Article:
At its peak, the shower is expected to produce a nominal rate of around 15 meteors per hour. This assumes perfectly dark skies and optimal viewing conditions. The Moon, in Gemini, will be around last quarter phase at the shower's peak, presenting significant interference in the pre-dawn sky after it rises at 21:19.

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November 23: Moon at perigee

The Moon will reach the closest point along its orbit to the Earth and will appear slightly larger than at other times. As the perigee of 23 November 2019 will occur close to the time of new moon, the moon will appear as no more than a thin crescent. On this occasion the Moon will pass within a distance of 366,000 km of the Earth, and appear with an angular diameter of 32.57 arcsec. This may be compared to its average size of 31.07 arcmin.

November 24: Conjunction of venus and jupiter

Astronomy Events in November 2019 - Conjunction of Venus and Jupiter on November 24
Jupiter and Venus at dusk on November 24 over New Delhi (Image: Dominic Ford, In-The-Sky)

The Roman Goddess of Love will pass within 1°24' of the majestic Jupiter. The pair will become visible after the sunset but it will be difficult to watch them as they will will be low near the horizon. Venus will be at mag -3.9, and Jupiter at mag -1.9, both in the constellation Sagittarius. The pair will be too widely separated to fit within the field of view of a telescope. However, will be visible to the naked eye or through a pair of binoculars.

November 26: New Moon

The Moon will pass close to the Sun and become lost in the Sun's glare for a few days. Over coming days, the Moon will rise and set an hour later each day, becoming visible in the late afternoon and dusk sky as a waxing crescent which sets soon after the Sun. By first quarter, in a week's time, it will be visible until around midnight.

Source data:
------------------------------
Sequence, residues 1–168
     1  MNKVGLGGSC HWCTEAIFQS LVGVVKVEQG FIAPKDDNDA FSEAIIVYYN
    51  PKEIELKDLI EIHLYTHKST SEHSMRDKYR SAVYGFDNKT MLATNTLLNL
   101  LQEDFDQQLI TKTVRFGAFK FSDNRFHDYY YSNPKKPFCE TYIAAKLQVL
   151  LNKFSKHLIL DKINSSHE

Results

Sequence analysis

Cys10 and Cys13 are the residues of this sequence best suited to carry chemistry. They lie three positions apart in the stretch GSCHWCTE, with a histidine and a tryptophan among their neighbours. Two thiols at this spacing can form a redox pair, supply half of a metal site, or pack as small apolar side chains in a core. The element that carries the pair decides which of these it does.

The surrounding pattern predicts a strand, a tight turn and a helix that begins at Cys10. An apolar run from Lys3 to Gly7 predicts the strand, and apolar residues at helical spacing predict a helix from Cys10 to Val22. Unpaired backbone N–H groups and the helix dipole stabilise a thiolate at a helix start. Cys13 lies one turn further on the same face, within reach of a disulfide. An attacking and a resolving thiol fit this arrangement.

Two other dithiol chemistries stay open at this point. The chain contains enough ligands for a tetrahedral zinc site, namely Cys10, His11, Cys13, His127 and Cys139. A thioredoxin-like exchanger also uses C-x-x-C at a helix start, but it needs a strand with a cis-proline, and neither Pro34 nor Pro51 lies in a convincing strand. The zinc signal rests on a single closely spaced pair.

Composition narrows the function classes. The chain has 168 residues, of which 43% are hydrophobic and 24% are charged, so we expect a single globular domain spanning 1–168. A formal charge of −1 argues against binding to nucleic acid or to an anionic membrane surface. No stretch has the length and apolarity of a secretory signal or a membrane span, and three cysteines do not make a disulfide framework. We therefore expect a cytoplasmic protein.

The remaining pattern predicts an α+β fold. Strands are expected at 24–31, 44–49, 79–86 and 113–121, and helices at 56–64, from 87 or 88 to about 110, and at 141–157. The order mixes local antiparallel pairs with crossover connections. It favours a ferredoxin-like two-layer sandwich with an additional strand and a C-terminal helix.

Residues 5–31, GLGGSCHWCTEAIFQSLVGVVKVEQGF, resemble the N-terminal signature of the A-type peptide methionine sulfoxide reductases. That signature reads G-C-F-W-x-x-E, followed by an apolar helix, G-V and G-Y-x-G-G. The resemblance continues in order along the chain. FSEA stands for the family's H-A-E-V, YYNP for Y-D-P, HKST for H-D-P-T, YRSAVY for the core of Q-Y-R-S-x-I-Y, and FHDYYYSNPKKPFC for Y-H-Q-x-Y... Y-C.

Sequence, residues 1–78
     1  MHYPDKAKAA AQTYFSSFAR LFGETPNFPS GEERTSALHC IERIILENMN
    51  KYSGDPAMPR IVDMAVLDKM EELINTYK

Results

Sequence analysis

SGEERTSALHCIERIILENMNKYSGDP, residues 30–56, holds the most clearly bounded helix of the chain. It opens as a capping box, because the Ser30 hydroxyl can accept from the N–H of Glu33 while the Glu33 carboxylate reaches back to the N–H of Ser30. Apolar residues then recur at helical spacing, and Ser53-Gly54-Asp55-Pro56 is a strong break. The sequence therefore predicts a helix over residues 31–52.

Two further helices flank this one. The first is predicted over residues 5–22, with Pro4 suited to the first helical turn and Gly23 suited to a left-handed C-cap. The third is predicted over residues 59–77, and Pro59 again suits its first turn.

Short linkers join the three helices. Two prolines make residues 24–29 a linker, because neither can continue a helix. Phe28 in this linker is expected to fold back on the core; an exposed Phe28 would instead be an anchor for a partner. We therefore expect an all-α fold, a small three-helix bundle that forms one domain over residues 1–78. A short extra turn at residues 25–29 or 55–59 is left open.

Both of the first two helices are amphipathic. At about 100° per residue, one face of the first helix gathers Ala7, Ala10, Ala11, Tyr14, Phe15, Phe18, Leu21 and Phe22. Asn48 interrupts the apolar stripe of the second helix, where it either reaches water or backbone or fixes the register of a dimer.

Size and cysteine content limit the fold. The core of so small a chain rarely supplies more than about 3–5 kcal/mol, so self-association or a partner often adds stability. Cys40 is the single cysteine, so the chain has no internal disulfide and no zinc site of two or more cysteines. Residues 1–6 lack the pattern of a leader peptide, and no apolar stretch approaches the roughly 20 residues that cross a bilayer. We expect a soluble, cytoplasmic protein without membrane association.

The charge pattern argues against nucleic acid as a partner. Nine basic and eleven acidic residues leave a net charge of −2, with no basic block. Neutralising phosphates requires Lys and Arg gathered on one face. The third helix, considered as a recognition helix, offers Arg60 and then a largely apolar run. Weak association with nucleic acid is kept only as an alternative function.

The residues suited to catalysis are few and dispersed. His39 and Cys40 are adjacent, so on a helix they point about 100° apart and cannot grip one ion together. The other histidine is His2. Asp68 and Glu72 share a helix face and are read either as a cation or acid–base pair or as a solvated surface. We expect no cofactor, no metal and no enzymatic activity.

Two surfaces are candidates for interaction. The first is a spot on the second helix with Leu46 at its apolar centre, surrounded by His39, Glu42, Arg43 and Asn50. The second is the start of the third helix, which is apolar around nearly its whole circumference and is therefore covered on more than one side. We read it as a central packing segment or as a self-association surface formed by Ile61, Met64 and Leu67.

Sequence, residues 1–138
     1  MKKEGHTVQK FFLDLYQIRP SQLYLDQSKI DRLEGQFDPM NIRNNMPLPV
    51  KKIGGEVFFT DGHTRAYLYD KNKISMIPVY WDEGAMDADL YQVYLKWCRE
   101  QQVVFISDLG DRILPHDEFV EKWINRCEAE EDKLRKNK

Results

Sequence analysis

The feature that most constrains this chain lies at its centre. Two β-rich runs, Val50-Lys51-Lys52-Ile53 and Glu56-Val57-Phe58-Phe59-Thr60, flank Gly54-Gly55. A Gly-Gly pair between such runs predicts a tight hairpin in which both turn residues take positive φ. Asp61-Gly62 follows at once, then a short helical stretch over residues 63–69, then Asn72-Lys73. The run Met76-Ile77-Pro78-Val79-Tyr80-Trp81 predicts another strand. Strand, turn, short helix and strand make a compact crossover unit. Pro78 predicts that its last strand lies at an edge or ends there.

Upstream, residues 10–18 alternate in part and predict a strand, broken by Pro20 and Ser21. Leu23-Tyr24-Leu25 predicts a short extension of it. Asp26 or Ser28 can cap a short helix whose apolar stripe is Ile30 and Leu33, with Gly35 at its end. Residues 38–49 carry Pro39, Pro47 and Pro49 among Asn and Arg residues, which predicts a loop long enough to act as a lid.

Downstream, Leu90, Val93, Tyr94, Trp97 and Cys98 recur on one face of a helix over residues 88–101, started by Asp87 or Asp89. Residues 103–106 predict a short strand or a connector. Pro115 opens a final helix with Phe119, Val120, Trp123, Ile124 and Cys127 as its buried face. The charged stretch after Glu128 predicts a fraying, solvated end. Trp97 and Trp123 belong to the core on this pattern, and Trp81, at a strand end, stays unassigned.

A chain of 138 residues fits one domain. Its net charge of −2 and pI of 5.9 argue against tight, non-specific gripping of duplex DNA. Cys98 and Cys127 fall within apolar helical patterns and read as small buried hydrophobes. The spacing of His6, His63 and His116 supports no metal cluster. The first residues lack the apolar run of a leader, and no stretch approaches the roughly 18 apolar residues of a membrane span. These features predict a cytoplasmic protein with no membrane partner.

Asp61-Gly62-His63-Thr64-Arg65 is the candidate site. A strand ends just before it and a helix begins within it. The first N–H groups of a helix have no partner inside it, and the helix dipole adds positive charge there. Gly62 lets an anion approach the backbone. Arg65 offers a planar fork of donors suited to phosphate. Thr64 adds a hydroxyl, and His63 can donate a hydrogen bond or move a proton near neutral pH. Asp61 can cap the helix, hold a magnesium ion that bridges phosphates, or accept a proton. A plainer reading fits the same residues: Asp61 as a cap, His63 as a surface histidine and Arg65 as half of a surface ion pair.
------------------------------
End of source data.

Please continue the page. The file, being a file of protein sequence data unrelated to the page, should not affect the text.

November 28: Close approach of moon and jupiter

Conjunction of Moon and Jupiter on November 28
Conjunction of Moon and Jupiter as seen after sunset from New Delhi (Image: Dominic Ford, In-The-Sky)

The Moon and Jupiter will share the same right ascension, with the Moon passing 0°43' to the north of Jupiter. The Moon will be 2 days old and at mag -9.2. Jupiter will be at mag -1.8. They both will be in the constellation Sagittarius. The pair will be a little too widely separated to fit comfortably within the field of view of a telescope. But will be visible to the naked eye or through a pair of binoculars.

November 30: Close approach of moon and saturn

Astronomy Events in November 2019 - Conjunction of Moon and Saturn on November 30
Conjunction of Moon and Saturn as seen after sunset from New Delhi (Image: Dominic Ford, In-The-Sky)

The month will end in the way it started: Conjunction of Moon and Saturn. The Moon and Saturn will make a close approach, passing within 0°55' of each other. The Moon will be 3 days old. Look for them in south-west after the sunset. The Moon will be at mag -10.4, and Saturn at mag 0.4, both in the constellation Sagittarius. The pair will be a little too widely separated to fit comfortably within the field of view of a telescope, but will be visible to the naked eye or through a pair of binoculars.

So these were the top astronomy events in November 2019. Subscribe us on YouTube for weekly science videos 🙂